Home Depot reaps benefits from US housing rebound

A recovery in the U.S. housing market helped Home Depot beat quarterly profit and sales estimates, prompting the world's largest home improvement chain to raise its outlook for the fiscal year.

The results, which came just weeks after data showed that U.S. home prices rose in May, provided more evidence that the housing market was healing after years of weakness.

"I know there's been a debate lately about the strength of the housing market," Brian Nagel, senior equity research analyst at Oppenheimer & Co., told CNBC's "Squawk Box" on Tuesday. "I think the housing market is recovering quite well here. And I think Home Depot is capitalizing quite well."

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Net earnings rose to $1.8 billion, or $1.24 a share in the second quarter ended Aug. 4 from $1.53 billion, or $1.01 a share, a year earlier.

Analysts on average were expecting a profit of $1.21 a share, according to Thomson Reuters.

Sales rose 9.5 percent to $22.5 billion, topping the analysts' average estimate of $21.8 billion.

Comparable store sales for the second quarter were up 10.7 percent, and comp sales for U.S. stores were up 11.4 percent. Nagel said he's focusing on these same store sales numbers because they're "very much a positive surprise" on the upside.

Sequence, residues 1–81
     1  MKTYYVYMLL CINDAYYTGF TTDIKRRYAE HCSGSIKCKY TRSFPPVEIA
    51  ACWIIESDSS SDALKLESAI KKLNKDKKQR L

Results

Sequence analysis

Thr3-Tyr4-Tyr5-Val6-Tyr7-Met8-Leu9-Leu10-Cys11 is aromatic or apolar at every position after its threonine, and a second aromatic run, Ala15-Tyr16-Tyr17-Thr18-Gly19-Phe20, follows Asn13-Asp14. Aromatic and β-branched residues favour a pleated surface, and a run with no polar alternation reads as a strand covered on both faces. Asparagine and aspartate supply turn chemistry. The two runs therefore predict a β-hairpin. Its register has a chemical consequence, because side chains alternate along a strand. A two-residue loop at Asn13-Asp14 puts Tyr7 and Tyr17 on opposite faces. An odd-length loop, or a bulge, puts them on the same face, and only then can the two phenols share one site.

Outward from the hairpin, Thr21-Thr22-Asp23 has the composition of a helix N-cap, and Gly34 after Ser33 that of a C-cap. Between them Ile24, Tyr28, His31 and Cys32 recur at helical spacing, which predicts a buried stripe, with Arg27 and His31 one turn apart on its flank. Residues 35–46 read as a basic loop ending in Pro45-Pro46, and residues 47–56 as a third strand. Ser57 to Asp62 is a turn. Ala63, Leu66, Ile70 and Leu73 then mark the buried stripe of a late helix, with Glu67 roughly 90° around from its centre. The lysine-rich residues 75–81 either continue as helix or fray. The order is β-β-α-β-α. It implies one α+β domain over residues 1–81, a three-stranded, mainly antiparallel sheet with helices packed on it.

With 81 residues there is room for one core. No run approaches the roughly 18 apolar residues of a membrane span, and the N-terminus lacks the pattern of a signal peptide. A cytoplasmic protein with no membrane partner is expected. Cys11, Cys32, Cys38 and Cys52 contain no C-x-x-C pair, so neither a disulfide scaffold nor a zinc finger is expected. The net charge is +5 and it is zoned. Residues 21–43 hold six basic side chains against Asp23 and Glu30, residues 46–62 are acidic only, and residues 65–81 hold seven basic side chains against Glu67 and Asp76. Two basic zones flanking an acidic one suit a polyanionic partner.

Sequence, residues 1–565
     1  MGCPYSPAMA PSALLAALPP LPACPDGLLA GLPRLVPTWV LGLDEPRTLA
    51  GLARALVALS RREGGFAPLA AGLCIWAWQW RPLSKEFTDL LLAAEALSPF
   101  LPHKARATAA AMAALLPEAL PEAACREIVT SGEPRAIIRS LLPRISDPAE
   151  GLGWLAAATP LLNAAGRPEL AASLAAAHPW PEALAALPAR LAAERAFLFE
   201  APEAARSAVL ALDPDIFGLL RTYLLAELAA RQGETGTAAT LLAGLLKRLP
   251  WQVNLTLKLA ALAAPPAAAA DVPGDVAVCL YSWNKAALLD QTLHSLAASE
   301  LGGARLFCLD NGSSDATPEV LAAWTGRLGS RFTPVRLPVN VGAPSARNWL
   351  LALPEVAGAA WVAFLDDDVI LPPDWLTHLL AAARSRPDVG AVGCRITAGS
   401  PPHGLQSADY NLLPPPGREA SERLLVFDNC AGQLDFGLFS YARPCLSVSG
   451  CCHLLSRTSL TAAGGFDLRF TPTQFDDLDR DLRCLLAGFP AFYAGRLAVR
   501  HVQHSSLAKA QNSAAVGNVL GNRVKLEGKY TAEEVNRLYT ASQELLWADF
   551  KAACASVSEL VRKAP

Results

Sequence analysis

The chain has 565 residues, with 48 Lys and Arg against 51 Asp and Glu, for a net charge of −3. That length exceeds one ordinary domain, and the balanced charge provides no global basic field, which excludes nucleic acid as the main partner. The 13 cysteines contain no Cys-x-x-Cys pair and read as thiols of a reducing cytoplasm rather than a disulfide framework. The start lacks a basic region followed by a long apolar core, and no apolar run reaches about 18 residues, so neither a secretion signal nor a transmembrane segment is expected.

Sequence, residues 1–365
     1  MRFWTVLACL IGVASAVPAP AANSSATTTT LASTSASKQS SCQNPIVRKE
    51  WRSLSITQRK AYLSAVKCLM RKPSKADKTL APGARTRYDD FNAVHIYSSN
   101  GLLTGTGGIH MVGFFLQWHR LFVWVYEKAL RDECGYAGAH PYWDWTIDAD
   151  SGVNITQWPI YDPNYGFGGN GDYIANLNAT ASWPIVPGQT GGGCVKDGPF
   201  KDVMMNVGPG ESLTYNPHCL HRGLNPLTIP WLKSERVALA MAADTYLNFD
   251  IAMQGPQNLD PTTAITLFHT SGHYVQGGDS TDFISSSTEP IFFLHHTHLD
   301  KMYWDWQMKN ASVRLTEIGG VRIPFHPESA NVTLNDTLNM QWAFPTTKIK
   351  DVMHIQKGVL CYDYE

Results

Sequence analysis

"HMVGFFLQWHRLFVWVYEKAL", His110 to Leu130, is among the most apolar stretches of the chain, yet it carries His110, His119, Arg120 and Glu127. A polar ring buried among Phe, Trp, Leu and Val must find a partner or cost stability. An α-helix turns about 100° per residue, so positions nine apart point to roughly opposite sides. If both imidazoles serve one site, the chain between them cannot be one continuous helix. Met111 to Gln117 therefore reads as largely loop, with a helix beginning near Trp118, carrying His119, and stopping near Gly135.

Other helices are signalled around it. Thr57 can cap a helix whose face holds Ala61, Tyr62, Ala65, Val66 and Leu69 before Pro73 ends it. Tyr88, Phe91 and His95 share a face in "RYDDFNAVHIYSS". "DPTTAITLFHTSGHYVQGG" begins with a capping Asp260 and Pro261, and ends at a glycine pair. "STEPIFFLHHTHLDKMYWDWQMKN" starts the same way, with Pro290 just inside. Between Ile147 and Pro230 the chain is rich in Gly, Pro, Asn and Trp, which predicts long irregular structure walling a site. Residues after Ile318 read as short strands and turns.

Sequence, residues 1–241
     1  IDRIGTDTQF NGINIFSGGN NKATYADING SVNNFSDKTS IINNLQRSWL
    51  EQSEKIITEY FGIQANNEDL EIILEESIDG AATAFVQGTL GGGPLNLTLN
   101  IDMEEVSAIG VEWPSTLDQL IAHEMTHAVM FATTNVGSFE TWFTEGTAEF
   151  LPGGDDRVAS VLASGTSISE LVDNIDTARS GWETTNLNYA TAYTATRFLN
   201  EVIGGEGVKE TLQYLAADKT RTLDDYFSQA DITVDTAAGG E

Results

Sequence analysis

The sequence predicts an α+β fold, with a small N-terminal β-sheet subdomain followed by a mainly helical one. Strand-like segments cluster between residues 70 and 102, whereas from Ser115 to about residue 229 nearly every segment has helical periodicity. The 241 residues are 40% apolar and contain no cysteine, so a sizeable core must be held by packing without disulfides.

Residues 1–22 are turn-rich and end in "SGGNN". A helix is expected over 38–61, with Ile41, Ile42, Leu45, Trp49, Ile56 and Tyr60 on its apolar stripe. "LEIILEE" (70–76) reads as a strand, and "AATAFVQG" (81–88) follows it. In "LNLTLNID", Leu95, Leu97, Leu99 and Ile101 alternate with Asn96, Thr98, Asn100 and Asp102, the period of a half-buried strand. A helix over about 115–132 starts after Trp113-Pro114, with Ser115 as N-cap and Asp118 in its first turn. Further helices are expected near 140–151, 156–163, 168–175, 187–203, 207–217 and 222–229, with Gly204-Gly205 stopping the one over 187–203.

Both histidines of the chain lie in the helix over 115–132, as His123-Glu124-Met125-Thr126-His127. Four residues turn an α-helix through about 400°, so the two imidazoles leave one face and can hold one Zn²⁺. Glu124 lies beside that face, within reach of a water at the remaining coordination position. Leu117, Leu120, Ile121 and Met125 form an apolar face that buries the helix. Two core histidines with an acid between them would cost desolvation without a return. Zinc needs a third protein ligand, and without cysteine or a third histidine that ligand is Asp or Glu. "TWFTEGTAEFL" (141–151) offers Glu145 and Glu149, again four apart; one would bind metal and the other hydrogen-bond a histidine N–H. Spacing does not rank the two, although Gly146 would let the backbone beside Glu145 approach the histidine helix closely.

Home Depot also raised its full-year guidance to $3.60 a share from its previous estimate of $3.52 a share. That compared with analysts' expectations of $3.64 a share. The company also raised its full-year global same-store sales guidance to up 6 percent from up 4 percent.

Home Depot shares were higher in premarket trading following the results. (Click here to get the latest quotes.)

"I still view Home Depot shares as inexpensive," Nagel said. "I think if we're having this conversation two years from now, we're going to be talking about a much higher level of earnings for Home Depot as they continue to recover."

Rival Lowe's is set to report earnings before the opening bell on Wednesday. Analysts will be looking for an update on Lowe's plans to expand in California by buying Sears spinoff Orchard Supply Hardware Stores for about $205 million.

—By CNBC's Matthew J. Belvedere. Follow him on Twitter @Matt_SquawkCNBC. Wires contributed to this report.